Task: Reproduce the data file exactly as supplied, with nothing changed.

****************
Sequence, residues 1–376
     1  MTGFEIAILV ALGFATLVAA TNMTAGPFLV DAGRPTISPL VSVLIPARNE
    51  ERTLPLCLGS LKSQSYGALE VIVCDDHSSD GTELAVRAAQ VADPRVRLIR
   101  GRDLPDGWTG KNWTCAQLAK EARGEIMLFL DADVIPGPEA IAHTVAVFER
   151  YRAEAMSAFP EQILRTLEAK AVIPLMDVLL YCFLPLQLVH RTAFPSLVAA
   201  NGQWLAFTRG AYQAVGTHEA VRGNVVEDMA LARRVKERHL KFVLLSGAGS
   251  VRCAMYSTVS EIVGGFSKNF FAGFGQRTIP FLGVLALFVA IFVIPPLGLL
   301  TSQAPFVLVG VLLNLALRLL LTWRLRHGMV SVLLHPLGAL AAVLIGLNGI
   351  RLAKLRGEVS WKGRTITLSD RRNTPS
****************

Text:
Sequence, residues 1–376
     1  MTGFEIAILV ALGFATLVAA TNMTAGPFLV DAGRPTISPL VSVLIPARNE
    51  ERTLPLCLGS LKSQSYGALE VIVCDDHSSD GTELAVRAAQ VADPRVRLIR
   101  GRDLPDGWTG KNWTCAQLAK EARGEIMLFL DADVIPGPEA IAHTVAVFER
   151  YRAEAMSAFP EQILRTLEAK AVIPLMDVLL YCFLPLQLVH RTAFPSLVAA
   201  NGQWLAFTRG AYQAVGTHEA VRGNVVEDMA LARRVKERHL KFVLLSGAGS
   251  VRCAMYSTVS EIVGGFSKNF FAGFGQRTIP FLGVLALFVA IFVIPPLGLL
   301  TSQAPFVLVG VLLNLALRLL LTWRLRHGMV SVLLHPLGAL AAVLIGLNGI
   351  RLAKLRGEVS WKGRTITLSD RRNTPS